Fourteen major worldwide pension funds, including CalPERS, CalSTRS and the Norwegian Government Pension Fund-Global, are supporting a Mercer study to identify the potential impact of climate change on asset allocation over the next 40 years.
Mercer expects to issue the study in the fourth quarter and make it available to the public, according to a statement from Mercer.
Grantham Research Institute on Climate Change and the Environment and Vivid Economics also will assist in research on the economic and financial impact of climate change scenarios.
The study, initiated by Mercer in collaboration with funds, seeks to identify possible risks and potential investment opportunities related to climate change on asset classes and economic sectors in different regions worldwide through 2050.
Each pension fund involved in the study, as well as other investors that did not want to be publicly named, will receive its own tailored report assessing the effects of climate change on its asset mix and also identifying investment risks and opportunities, the statement said.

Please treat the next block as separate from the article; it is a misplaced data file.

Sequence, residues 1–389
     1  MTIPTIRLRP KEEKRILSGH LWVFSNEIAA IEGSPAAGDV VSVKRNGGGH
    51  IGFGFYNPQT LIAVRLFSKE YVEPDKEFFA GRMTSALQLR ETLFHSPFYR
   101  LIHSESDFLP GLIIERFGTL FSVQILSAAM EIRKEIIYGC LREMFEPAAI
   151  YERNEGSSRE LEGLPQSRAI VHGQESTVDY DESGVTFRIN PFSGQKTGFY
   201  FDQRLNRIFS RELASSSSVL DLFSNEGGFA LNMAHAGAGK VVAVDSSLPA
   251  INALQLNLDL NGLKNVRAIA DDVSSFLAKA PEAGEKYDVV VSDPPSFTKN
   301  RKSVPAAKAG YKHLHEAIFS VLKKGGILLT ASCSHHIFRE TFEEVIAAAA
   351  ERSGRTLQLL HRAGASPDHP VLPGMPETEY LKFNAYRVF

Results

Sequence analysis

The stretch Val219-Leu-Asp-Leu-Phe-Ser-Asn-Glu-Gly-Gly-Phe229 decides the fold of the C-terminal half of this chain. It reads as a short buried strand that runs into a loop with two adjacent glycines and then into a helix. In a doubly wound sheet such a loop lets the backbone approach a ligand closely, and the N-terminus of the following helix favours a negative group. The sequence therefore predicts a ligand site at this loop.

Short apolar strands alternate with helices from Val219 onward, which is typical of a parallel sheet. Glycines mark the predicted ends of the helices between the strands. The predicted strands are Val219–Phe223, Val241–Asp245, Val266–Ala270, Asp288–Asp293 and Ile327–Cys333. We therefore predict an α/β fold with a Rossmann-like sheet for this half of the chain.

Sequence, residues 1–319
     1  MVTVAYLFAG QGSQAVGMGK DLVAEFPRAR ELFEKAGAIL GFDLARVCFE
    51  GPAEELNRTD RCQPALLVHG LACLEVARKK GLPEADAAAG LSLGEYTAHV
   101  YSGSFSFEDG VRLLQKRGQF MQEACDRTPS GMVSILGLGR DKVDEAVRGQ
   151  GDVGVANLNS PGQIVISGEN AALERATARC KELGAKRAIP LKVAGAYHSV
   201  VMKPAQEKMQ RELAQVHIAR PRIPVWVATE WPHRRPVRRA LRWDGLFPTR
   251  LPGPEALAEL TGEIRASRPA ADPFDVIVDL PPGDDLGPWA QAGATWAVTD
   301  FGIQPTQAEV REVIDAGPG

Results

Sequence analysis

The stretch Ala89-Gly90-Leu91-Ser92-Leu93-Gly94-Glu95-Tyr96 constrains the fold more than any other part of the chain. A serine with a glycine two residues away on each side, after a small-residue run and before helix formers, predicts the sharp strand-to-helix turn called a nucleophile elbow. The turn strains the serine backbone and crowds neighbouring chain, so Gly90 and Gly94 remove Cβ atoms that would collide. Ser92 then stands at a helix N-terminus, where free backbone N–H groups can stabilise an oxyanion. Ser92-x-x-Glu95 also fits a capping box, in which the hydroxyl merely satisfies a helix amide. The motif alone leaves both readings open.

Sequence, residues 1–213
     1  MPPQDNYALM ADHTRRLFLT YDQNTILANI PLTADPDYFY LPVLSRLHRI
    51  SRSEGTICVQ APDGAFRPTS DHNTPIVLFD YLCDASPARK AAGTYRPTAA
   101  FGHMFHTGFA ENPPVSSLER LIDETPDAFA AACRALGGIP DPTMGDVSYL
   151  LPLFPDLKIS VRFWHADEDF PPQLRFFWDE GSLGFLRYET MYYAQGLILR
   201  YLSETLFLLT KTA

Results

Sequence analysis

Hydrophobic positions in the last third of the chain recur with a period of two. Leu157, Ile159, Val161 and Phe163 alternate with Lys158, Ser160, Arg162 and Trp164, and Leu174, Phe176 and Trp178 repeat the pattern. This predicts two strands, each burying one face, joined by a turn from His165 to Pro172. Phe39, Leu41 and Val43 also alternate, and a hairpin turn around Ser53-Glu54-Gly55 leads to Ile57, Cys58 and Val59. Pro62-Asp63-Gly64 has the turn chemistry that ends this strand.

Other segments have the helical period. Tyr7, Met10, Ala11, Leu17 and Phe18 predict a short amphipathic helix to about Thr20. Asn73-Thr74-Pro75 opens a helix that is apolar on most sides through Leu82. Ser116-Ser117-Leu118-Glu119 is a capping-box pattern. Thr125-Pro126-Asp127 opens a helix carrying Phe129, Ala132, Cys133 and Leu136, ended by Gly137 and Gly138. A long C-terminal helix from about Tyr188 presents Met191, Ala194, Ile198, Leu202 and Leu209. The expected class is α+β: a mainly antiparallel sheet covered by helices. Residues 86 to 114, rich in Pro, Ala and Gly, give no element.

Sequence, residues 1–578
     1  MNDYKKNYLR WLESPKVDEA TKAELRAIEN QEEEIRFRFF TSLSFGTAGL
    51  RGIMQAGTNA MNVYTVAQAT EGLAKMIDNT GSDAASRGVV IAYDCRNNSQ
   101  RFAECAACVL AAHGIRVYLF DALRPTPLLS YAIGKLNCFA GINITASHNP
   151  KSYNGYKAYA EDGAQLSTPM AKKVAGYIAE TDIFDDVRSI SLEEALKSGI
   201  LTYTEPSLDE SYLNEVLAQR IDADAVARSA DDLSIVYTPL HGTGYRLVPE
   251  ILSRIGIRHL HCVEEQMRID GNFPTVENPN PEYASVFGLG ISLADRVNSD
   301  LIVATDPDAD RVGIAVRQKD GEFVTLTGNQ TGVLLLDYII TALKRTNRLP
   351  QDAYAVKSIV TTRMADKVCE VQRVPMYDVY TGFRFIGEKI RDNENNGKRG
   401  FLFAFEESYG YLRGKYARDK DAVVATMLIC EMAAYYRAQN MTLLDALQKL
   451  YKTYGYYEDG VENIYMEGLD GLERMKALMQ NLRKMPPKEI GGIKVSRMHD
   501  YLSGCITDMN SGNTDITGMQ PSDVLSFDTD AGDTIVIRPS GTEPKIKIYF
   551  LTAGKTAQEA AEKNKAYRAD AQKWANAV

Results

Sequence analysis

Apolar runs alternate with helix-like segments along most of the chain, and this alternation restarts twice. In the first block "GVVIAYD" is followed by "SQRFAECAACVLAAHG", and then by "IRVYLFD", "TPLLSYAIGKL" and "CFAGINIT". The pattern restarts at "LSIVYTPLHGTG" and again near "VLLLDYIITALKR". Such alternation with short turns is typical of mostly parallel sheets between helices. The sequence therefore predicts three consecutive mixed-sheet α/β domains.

The study is being funded by the pension funds and the other investors, as well as Carbon Trust, an independent company set up by the U.K. government to promote a low-carbon economy, and the World Bank’s International Finance Corp., which invests in emerging markets, said Mercer spokesman Bruce Lee.
Along with the $202.1 billion California Public Employees’ Retirement System, $131.1 billion California State Teachers’ Retirement System and the 2.59 trillion Norwegian kroner ($424 billion) sovereign wealth fund, also involved with the study are AP1; APG Asset Management, manager for the Dutch pension fund ABP; PGGM Investments, which manages the Dutch fund Zorg en Welzijn; British Columbia Investment Management Corp.; Environment Agency Pension Scheme; Maryland State Retirement and Pension System; Ontario Municipal Employees Retirement System; and Australian defined contribution plans AustralianSuper and VicSuper.